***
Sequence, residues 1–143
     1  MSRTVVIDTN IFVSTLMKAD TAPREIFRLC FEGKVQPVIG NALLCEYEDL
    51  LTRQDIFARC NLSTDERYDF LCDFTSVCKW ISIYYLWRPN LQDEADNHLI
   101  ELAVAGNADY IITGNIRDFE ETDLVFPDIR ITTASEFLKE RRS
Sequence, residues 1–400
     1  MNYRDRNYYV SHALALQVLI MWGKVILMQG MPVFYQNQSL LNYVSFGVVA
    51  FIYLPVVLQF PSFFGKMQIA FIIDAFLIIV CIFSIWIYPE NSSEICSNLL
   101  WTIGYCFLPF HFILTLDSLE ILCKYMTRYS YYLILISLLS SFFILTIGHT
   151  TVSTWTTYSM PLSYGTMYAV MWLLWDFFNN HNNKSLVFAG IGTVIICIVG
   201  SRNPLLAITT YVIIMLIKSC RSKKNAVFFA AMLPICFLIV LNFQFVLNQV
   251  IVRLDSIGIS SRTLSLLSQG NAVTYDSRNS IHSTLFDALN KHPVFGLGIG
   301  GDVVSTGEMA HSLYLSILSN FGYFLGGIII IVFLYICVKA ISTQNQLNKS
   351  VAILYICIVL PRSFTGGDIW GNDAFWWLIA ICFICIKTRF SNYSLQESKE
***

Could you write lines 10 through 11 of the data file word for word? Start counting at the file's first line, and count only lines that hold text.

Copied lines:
   201  SRNPLLAITT YVIIMLIKSC RSKKNAVFFA AMLPICFLIV LNFQFVLNQV
   251  IVRLDSIGIS SRTLSLLSQG NAVTYDSRNS IHSTLFDALN KHPVFGLGIG